Carved from smooth white marble, the round body with a stylized bird head featuring an elongated beak gently carved to indicate a mouth and a raised double head crest along the top of the head.
Used as a symbolic object rather than a functional one, mace heads of this type occur in many different materials, sizes, and subjects. Found in most high-status graves, mace heads most probably served as identifiers of the person's clan or family through a corresponding animal, human, or geometric shape. There is an extraordinary variety of shapes -- birds, bats, coyotes, human faces, owls, snakes, monkeys, and basket weaves, to name a few. While each piece is unique and stylized in its own way, there is a similarity in shape that would have allowed each member of the clan to be easily recognized. Graves with owl-shaped mace heads, for example, would be easily recognizable as members of the owl clan.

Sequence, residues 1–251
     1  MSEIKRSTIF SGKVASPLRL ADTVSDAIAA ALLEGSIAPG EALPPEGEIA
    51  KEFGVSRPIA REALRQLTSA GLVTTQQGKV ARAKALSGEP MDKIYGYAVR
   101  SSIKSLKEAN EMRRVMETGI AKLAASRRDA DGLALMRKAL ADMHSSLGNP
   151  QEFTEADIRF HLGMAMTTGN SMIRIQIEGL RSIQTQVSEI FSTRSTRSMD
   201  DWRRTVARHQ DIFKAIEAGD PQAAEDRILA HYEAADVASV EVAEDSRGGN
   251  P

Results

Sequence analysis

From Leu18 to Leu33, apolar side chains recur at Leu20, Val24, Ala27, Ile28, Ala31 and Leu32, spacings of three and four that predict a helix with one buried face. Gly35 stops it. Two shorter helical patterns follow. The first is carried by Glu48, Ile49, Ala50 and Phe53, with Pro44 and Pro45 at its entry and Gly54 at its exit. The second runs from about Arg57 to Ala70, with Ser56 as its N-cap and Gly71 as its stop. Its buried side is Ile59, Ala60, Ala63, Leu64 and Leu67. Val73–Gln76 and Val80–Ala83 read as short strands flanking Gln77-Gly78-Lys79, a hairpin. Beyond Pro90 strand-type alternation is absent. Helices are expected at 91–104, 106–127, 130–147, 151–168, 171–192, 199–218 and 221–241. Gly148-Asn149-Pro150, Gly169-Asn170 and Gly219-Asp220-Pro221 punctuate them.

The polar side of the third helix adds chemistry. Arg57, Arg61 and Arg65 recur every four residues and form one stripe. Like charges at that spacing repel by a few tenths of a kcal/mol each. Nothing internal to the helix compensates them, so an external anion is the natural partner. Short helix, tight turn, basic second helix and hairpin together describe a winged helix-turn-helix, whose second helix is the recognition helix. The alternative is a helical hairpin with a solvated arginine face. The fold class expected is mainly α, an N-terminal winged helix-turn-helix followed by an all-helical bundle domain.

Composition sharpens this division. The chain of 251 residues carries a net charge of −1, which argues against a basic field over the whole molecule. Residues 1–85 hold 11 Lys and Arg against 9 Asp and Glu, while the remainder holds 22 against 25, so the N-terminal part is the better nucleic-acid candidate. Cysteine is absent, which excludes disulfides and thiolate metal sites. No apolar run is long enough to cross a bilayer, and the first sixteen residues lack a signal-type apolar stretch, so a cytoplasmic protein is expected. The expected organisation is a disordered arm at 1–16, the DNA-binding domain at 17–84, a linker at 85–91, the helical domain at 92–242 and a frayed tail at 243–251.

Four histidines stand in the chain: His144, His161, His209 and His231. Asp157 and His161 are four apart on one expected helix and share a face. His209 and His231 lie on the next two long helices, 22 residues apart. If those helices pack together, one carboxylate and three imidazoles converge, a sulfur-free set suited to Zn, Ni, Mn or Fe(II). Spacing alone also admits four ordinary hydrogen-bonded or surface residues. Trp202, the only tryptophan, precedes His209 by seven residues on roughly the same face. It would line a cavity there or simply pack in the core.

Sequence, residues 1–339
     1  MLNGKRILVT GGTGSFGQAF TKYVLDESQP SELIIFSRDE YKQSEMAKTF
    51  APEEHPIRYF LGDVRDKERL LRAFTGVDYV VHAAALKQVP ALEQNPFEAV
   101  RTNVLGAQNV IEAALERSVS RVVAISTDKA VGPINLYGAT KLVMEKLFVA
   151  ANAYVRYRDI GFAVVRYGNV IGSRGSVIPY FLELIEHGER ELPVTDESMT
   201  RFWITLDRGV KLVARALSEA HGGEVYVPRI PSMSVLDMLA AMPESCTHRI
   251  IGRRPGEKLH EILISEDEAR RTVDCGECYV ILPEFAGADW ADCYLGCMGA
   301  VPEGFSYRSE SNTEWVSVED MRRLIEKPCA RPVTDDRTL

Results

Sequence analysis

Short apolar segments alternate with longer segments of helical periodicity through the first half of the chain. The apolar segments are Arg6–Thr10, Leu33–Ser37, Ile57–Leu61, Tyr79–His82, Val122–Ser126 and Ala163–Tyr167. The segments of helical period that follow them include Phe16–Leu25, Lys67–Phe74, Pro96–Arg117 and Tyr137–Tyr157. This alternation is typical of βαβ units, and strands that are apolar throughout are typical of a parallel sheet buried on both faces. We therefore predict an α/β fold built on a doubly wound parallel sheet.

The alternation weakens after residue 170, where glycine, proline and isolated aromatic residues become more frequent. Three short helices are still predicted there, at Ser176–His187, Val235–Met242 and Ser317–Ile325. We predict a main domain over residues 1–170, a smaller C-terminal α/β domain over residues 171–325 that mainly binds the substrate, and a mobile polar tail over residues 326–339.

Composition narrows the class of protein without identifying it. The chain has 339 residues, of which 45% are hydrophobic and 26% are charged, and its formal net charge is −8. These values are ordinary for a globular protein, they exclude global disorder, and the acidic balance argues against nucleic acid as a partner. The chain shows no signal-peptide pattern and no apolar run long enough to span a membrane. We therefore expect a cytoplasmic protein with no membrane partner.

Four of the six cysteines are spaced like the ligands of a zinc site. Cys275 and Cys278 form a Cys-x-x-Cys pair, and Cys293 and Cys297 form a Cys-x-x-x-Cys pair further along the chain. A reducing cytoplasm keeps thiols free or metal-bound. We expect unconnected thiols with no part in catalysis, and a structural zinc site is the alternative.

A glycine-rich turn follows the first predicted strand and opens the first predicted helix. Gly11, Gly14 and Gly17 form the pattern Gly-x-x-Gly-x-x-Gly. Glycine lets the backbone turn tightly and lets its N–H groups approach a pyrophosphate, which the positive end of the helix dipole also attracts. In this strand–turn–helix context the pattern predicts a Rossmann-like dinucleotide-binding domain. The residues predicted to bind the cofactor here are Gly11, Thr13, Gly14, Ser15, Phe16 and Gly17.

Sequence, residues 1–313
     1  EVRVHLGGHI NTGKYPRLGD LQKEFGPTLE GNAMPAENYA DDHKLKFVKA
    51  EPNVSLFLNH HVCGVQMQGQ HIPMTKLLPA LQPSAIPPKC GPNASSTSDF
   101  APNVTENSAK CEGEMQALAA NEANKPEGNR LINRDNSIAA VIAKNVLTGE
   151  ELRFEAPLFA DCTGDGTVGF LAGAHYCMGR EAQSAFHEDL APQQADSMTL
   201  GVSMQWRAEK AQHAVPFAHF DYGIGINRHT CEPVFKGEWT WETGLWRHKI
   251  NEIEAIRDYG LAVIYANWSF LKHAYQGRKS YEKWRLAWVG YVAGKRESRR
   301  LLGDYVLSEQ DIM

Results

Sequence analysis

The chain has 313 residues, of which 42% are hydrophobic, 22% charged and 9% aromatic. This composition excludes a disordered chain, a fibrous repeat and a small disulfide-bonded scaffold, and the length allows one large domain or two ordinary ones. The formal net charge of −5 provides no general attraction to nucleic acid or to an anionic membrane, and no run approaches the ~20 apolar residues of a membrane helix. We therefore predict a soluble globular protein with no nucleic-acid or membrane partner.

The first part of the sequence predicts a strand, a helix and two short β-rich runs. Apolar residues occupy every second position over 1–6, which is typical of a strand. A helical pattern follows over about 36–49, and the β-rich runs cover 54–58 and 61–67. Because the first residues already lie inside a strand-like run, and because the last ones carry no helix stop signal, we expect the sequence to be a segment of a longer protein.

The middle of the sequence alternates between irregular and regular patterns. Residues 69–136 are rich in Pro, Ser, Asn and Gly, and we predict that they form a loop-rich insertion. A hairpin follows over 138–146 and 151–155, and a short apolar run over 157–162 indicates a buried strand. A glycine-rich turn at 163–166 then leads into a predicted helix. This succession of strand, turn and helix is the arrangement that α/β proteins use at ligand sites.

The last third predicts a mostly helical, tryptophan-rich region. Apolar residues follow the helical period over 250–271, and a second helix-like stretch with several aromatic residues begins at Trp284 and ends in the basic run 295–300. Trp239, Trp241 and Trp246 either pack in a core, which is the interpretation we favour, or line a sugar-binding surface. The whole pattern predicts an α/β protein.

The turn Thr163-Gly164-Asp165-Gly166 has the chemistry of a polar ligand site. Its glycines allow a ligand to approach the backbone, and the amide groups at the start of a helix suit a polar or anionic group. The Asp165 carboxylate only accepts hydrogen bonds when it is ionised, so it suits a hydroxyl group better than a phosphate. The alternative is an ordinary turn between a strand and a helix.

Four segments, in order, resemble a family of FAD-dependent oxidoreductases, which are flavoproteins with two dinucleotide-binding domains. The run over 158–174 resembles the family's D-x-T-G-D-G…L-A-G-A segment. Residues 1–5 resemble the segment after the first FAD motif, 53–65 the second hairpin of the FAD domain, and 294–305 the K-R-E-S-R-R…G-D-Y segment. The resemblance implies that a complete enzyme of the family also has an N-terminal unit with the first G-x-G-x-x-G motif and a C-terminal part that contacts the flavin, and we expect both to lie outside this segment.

Stone-Miller, Rebecca, Seeing with New Eyes: Highlights of the Michael C. Carlos Museum, Atlanta: Emory University (2002), pp 144-5.
Dimensions: Height: 2 1/4 inches (5.5 cm), Length: 2 7/8 inches (7.3 cm)
Condition: With several hairline cracks along the surface, overall intact and in good condition. Custom mounted.
Provenance: Private NY collection. Previously in the collection of Marianne and Robert Huber, Dixon, Illinois.
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